Colin Farrell’s Evolution: From Movie Star to Actor

The True Detective player got his start in Hollywood as a bland marquee idol, but it took a career crash and a series of flops for him to truly come into his own.


In True Detective’s second season, Colin Farrell is playing exactly to type. As the washed-up, corrupt Detective Ray Velcoro, his skin looks leathery, his temples are gray, and he pours endless glasses of whiskey under his push-broom mustache. If brooding were an Olympic sport, Farrell would be a repeat medalist, and so it seems hardly notable that he’s endured in an industry that loves haunted male protagonists. But Farrell’s career in many ways has subverted the typical Hollywood model. After becoming a pin-up early in his career, and taking on high-profile roles in huge studio movies, he flamed out, personally and professionally. But failure, rather than ending his career, allowed him to tackle more daring and versatile roles, and find subsequent credibility as an actor.

Farrell entered show business as a ready-made star, thrust at audiences in the kind of pandering Hollywood way that almost guarantees backlash. He had the charisma to sell subpar work, but whenever he was given the chance to cut loose, it was in trashy genre exercises like Phone Booth or Daredevil that critics largely ignored. Following the initial boom and bust of his early years in Hollywood, though, Farrell has carved out a more serious reputation by working with legendary directors, taking on offbeat projects, or both. It’s the opposite of the typical A-list trajectory: Actors like Jennifer Lawrence or Leonardo DiCaprio started small and built up credibility in independent movies before transitioning to blockbusters. Farrell, by contrast, was thrust into that territory instantly, and it almost proved his undoing.

It’s easy to forget that he was once Hollywood’s newest golden boy. A young Irish actor who had a handful of TV roles in the ‘90s, he got his big break as the darkly charming lead of Joel Schumacher’s Tigerland (2000), a low-budget Vietnam drama that made no money but received acclaim and a handful of critics’ awards. After that, he appeared in a glut of studio films, from the forgotten American Outlaws and Hart’s War to a memorable supporting turn in Steven Spielberg’s Minority Report. His one true box-office hit was the 2003 action drama S.W.A.T., which took $116 million at the domestic box office. But the rest of his career is a collection of middling hits and outright flops: Only four years from after his Hollywood debut, Farrell headlined a one-two punch of big-budget bombs that seemed to confirm his overrated status.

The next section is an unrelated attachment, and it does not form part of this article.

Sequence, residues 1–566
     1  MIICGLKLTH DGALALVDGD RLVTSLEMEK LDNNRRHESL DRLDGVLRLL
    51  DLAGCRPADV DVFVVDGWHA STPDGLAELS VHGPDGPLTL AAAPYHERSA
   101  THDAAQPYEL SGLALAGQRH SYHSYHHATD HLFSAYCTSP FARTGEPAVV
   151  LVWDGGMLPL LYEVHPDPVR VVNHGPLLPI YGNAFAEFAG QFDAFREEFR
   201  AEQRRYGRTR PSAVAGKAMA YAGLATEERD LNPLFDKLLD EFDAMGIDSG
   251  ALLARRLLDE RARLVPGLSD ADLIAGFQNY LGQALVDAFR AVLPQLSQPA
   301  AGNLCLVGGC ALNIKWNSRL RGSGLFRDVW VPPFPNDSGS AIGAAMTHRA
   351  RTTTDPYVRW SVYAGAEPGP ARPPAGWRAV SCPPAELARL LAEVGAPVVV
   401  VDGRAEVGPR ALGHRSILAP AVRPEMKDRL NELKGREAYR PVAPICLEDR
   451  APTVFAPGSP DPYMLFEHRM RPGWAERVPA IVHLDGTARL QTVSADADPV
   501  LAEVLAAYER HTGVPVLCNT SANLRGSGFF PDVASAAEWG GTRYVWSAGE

The first was Oliver Stone’s 2004 biopic Alexander, a misguided three-hour rumination on the life of the legendary warrior, told largely through flashbacks, with Farrell playing the Macedonian with an Irish accent alongside Angelina Jolie as his mother (despite her being only a year older than him). Stone has repeatedly recut the film for multiple DVD releases, but at best it remains an ambitious failure, and Farrell looks lost amid its epic trappings. His next blockbuster was 2006’s Miami Vice, a retelling of the ‘80s cop drama from Michael Mann. Billed as an action thriller, it plays as a big-budget, avant-garde mood piece with occasional surges of gun violence. Audiences were baffled, and the production was reportedly torturous—Farrell checked into rehab soon after it wrapped.